The impact of the COVID-19 pandemic on corporate culture was so instantaneous and radical that even as life begins going back to “normal,” those in charge of making decisions about where and how their employees work know that life in modern business will never be the same again.
Last summer, McKinsey & Company wrote an article that sought to understand both employees’ and employers’ attitudes about the role of the office on productivity, innovation and hiring. The results of their distillation of research reveals some important changes that managers must now grapple with.
Reconsidering the Role (and Size) of the Office
Post-pandemic life allows executive leadership to reconsider the role of the office in a more intentional way. Where once offices were about keeping a group of people together in one place for a set amount of hours, companies are gradually becoming aware of how they can encourage their staffs to use their time asynchronously and more productively. With greater flexibility for how teams use their time spent in an office, managers are now free to rethink how they approach office design, including:
- Whether they want to pursue long-term or more flexible leases for office space
- The role of coworking spaces or retreats for distributed workforces
- Technology investments that can lead to better videoconferencing and bridging real-world vs online meetings
The ‘people to work’ or ‘work to people’ philosophy
The McKinsey report noted that the major shift in where people work has massive implications for acquiring and retaining talent. When you aren’t recruiting for roles that are rigidly tied to a particular place, you have the potential to recruit better candidates, possibly save money, and expand the geographical area you are able to source candidates from.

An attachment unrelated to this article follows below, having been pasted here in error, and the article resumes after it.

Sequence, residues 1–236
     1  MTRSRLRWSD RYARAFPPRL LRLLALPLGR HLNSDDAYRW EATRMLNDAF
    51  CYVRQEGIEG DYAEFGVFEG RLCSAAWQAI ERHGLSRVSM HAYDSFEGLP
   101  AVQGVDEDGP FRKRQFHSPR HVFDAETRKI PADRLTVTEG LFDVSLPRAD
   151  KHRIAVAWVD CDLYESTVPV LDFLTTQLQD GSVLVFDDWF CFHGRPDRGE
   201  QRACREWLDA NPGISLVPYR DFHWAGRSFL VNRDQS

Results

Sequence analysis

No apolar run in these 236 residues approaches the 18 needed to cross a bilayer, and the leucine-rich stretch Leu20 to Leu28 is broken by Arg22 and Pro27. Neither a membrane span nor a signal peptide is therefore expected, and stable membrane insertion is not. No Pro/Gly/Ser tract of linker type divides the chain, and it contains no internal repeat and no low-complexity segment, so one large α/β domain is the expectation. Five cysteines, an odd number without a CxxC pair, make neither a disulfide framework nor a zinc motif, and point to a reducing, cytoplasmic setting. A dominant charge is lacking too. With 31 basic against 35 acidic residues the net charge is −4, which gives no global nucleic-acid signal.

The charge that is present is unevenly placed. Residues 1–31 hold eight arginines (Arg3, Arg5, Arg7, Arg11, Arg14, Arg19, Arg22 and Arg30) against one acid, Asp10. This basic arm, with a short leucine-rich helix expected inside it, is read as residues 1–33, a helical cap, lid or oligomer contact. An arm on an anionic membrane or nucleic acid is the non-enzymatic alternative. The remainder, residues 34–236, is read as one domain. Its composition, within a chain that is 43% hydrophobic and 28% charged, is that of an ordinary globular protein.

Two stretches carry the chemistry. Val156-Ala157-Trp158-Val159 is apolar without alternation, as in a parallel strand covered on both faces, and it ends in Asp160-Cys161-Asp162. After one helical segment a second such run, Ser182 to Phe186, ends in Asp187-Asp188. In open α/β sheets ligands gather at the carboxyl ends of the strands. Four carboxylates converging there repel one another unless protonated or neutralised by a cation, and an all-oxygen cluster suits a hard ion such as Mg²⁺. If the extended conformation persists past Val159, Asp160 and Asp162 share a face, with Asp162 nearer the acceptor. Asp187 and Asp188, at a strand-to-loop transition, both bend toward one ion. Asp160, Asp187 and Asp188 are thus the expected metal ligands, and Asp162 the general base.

Aligning Work Culture with Office Culture
9-to-5 work life is outmoded in so many ways. Since the advent of email and other digital tools, work has become increasingly asynchronous. So with this major shift in the organization of the office, managers are now tasked with asking themselves questions on how they can organize office life to best align with their goals as an organization.
WordPress, which is a fully remote organization, has always had this philosophy top of mind when designing processes: that it doesn’t want employees tied to a particular timeframe. Further, the company wants to empower employees to determine their optimal times to work, when they are most productive and sharp.
As a manager planning a return to work strategy, think about:
- What are my company’s priorities and how can I engineer office life to support them?
- What proportion of in-person vs virtual interaction is optimal for my staff?
The Role of Policy and Buy In
After more than a year of working remotely, a large contingent of workers (80% per McKinsey’s research) say that they can work effectively at home. At home work and lack of childcare has been bearing a large toll on working families, however. As you work to develop your own return to work plan, consider the following:
- Am I crafting policy that will work for workers in different life stages and parts of their careers?
- Do I have “buy-in” from my employees about these changes?
- Are there valuable gains to be made by offering flexible policies regarding work-from-home?